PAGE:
Saturday, 10 August 2013

Nurses and the Health Service crisis

The Health Service has been much in the news recently; again. And I believe more than ever that many of its ills come down to the state of nursing.

Firstly, I can't stress enough that I know there are many good, caring nurses out there. But I also know that something is terribly wrong. Nurses used virtually to hold the health service together. They were the ongoing link between patient and doctor, between ward and kitchen/cleaning department./ dispensary. I know much of this is now impossible, with the subdivision of all the various responsibilites. But a time was when a good ward sister knew ALL her patients, and the other nurses knew about all patients on their ward. They had to. It was their job. During his recent hospital stay, my husband saw a different nurse every time, and never even met the sister, although he was in for well over a week. I know that part of this is due to the way the wards utilise their staff, but a good part lies in the way nurses are trained. In my last (shamefully long ago) post, I wrote that it would be a start to bring back the SENs, and never has that been more true than it is today. As for nursing degrees, I will never accept that you need a degree to be a good nurse. A good nurse is (in many ways) born, not made. You have to be a certain kind of person to look after the sick, and to do all those less savoury jobs with willingness and a sense of privilege. No amount of clasroom teaching can change the kind of person a nurse is.

But the current training would have it otherwise, and seems to assume that characteristics such as compassion and empathy can be taught. They can't. I've seen it failing to work, as have many unhappy patients.

But to the modern degree training: here is an exerpt from the information about a nursing degree at an English university:

You will be able to design strategies for the collection and analysis of scholarly material relating to nursing care, as well as be able to identify nursing issues from a wide perspective. You will be able to identify and lead changes in practice, improving the quality of delivery of care.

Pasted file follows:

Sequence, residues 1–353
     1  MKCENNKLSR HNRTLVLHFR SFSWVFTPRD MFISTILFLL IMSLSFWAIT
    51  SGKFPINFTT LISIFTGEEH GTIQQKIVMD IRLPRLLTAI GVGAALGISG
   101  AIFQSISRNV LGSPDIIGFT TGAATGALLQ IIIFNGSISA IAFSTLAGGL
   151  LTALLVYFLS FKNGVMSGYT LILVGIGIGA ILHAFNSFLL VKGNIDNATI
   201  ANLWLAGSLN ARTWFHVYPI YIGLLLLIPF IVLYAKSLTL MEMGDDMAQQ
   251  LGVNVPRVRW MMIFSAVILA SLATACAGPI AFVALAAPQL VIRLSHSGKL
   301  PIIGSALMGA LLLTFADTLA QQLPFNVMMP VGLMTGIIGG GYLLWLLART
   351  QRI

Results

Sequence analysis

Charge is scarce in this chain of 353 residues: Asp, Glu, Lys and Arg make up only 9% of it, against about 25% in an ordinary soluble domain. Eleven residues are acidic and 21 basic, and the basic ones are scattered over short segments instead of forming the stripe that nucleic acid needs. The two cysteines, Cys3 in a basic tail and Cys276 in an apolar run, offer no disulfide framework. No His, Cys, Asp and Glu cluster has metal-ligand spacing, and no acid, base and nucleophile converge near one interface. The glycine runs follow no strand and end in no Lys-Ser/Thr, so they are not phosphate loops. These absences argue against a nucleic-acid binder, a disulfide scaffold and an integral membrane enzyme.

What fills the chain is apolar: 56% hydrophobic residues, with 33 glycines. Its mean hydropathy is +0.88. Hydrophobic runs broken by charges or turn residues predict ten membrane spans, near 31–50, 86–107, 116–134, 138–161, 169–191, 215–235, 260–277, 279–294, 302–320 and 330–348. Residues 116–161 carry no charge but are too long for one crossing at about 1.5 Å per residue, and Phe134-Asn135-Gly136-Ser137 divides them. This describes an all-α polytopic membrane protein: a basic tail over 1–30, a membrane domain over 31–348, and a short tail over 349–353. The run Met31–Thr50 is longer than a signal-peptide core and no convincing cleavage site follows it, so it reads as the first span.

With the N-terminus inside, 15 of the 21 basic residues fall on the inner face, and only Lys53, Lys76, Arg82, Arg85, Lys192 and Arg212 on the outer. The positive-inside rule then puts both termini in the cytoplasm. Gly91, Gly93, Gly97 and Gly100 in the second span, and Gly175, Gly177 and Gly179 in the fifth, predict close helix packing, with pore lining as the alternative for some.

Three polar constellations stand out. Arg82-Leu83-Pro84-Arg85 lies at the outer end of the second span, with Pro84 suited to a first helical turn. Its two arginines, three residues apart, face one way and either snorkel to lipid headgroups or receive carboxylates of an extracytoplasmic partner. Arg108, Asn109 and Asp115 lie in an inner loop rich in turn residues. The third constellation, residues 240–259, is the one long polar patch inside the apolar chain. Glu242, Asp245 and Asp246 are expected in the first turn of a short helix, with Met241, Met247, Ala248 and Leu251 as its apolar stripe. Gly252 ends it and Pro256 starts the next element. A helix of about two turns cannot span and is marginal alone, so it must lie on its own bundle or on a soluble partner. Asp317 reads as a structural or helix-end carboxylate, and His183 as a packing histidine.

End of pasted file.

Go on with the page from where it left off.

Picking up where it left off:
Obviously I have slected a passage that illustrates my argument, but there are many more like it. It costs £20,000 to train a nurse (unlike other undergraduates, they don't have to pay tuition fees), and when student nurses work on the wards, they work with a 'mentor' and are not a regular member of the ward team (in the past, students were seconded to a ward to work as they learnt, and were  paid a salary, albeit a small one). Putting aside patient dissatisfaction, can we really afford this?

Monday, 16 July 2012

A rant about nursing-related issues

A return to this much-neglected blog, prompted by two pieces of news read/heard in the last week:

The first was the appalling death of a young man in hospital, who died from lack of fluids. He was so desperate, that he phoned 999, but when the police arrived, they were turned away. There were underlying problems, of course, and I'm sure there are other sides to this story, but the bare facts are that a young man was desperate for water, and nobody gave him any.

The second is the astonishing revelation that in some hospitals, agency nurses are earning up to £1600 per day. Hospitals are so desperate for staff, they are having to pay out enormous sums for nurses who (through no fault of their own) probably often don't know the patients or their diagnoses, or where the bedpans or dressings are kept. Because of course they are often new to that particular hospital, and haven't had time to familiarise themselves with the ward/dept in question. The next time you are in hospital, one of these nurses may be caring for you.

My point? When, oh when, is someone going to do something about the current state of nursing? And please let's bring back the old bedside SENs, even if we have to continue to have graduate nurses. With good bedside nursing, that young man would almost certainly not have died. And with enough trained bedside nurses, we wouldn't need nearly so many very expensive agency nurses. It seems we are stuck with graduate nurses (expensive to train, and often with inadequate hands-on experience), but the SENs would be a start, and a very good one. Also, bringing back their training would mean that many young people without the desire or the qualifications to be university students could still be nurses. Real nurses. Who look after people.

Oh, and who make sure they have water to drink.

Wednesday, 8 February 2012

So much for degrees in nursing!

My daughter, who did the old non-graduate nurse training, but gave up eleven years ago to have her triplets, is looking into "back to nursing" courses so that she can return to her former career. These courses last for twelve weeks.